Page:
Join Date: Dec 2012
Location: NE & Windwards
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Re: Multihull Popularity and Interesting Designs
What upsets me about this thread and many threads on this forum is how some neglect a basic reality that underpins most cruisers mentality when thinking about boats. This reality extends across all classes be it monos,multis or motor.
There are good seaboats and those not so much.
Comparisons between classes of boats is foolish if not also accounting for if that specific craft is a good or bad seaboat. Grand Banks are wonderful, beautiful, comfortable great loop or coastal cruisers. Sea rays give great bang for the buck. Neither are designed to be or are expedition yachts.
You can blow big bucks and get an light ice Diesel Duck 492 for less than the glorious GB but only the first is the rtw boat. You can quadruple the purchase price and walk on a Seaton or Cape Scott and get the bling with the sea keeping ability to sail the Southern ocean.
The same occurs with monos or multis.
Looking at the title of this thread believe we should be looking at specific boats and critiqueing that specific design. Multis have several vulnerabilities as do monos or motor. This obsession about inverting limits this thread to one of many concerns so is much less informative than it could be.
Look at the various cats you see in Caribbean charter. These are like the Searays. Even in that relatively benign setting one sees:
They hobby horse. When motoring to windward( such as entering an anchorage) this is so extreme as to be dangerous to the occupants. Their beam to length ratio is moderate but capsize risk decreased by moderate rigs. They aim toward one level living with large expanses of glass. But a violent pooping may result in failure of the aft glass enclosure or its rim of support leading to down flooding. The steering is designed for the stresses of forward movement. Falling backwards after being stalled on the face of a wave may result in catastrophic steering failure. Interior living space is optimized for pleasant living at anchor with bridge deck forward of the mast and beam of hulls brought forward to allow a four berth set up. Beyond unpleasant burping the behavior in a seaway is compromised. They have low aspect fixed keels. Beyond decreasing ability to point increased possibilities of “tripping” on a large wave face is increased. Helm position is high and exposed. This is tiring to the helmsman and compromises ability to see the whole boat.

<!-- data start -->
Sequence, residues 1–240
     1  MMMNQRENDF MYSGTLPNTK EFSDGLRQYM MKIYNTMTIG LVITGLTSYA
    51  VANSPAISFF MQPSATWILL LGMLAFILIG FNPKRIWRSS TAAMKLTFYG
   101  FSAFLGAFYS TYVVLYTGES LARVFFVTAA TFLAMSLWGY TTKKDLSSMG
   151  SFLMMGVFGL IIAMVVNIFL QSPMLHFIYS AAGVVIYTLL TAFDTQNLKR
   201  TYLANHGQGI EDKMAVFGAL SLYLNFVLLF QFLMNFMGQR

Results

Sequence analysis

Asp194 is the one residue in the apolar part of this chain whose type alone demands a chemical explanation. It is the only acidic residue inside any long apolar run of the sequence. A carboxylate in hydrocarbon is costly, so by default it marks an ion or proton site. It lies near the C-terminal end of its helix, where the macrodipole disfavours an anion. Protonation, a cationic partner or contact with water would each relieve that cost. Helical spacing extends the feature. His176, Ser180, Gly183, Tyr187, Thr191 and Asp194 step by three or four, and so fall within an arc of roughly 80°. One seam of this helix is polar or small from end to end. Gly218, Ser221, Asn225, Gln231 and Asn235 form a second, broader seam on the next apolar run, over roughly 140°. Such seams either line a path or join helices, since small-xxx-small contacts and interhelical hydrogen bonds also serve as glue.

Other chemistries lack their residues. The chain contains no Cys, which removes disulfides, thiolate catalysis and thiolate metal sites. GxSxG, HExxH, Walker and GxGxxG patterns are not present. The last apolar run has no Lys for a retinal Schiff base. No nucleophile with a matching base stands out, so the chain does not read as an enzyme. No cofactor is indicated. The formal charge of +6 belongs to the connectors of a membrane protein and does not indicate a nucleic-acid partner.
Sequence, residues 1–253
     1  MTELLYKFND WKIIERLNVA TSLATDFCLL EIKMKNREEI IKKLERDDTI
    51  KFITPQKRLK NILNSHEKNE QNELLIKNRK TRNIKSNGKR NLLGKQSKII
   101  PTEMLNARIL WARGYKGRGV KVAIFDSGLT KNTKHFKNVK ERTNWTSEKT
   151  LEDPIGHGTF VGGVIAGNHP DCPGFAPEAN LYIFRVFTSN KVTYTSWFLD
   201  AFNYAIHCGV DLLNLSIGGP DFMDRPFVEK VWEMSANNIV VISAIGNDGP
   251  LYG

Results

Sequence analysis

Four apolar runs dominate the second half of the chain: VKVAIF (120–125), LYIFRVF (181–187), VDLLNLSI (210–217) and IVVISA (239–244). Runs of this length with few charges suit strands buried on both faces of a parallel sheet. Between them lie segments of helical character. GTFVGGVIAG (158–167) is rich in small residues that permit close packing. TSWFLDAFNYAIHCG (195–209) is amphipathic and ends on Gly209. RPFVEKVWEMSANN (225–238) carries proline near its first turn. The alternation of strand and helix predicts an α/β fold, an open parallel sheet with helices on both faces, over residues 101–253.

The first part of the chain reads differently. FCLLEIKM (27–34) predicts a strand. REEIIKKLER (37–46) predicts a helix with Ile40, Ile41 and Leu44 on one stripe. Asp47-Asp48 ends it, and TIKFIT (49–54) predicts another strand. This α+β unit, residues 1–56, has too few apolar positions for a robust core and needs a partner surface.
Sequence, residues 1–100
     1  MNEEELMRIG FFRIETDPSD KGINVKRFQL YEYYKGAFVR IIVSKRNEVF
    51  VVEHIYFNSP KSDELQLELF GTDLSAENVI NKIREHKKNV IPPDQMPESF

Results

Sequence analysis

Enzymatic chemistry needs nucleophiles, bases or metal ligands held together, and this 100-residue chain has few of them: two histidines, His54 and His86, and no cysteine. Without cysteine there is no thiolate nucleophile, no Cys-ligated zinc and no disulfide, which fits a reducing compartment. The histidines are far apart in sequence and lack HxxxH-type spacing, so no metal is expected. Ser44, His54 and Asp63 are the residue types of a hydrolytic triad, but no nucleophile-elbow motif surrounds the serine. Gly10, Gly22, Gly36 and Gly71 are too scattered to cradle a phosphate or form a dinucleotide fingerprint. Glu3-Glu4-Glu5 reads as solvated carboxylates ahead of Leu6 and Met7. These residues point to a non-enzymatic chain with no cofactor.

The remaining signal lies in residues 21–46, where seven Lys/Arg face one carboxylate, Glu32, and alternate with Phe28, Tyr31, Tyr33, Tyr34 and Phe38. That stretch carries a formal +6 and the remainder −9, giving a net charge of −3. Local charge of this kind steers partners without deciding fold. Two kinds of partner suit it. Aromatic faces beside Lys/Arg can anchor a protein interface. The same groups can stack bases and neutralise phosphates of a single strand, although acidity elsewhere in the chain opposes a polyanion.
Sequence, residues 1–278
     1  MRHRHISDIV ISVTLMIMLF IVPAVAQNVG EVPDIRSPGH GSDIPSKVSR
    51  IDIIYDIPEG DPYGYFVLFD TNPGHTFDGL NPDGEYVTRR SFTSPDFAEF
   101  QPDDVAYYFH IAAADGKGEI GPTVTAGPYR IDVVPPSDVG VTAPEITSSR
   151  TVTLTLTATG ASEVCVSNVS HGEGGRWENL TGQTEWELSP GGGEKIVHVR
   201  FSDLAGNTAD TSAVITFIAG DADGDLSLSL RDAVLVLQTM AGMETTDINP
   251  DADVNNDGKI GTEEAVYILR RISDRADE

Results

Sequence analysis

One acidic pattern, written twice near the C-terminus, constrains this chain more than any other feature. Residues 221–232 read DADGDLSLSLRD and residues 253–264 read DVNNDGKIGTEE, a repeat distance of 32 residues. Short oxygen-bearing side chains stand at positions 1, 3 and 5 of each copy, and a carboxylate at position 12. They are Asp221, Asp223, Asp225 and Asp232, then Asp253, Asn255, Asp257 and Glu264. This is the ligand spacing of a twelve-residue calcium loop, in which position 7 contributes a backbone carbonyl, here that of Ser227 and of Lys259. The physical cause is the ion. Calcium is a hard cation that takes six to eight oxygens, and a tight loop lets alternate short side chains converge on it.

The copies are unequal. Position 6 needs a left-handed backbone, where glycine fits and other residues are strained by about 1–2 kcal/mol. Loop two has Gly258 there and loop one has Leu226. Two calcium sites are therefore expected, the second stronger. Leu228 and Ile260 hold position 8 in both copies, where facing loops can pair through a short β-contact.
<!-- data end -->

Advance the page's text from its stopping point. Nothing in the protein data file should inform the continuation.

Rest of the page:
Now compare this to a boat designed as a seaboat. Perhaps the Rapido 60referred to above.
Single rudder. No linkage issues. Very fine hulls and very wide beam with much more force required to turn turtle. No significant structure beyond central hull before the mast. Daggerboard no fixed keel. Protected helm station. Walkways and rig designed to be worked in a seaway. No large glass expanses vulnerable in a pooping or from green water.
In short just like a Diesel Duck would seem to be a better seaboat than a Searay the R60 would seem to be a better seaboat than the charter cat.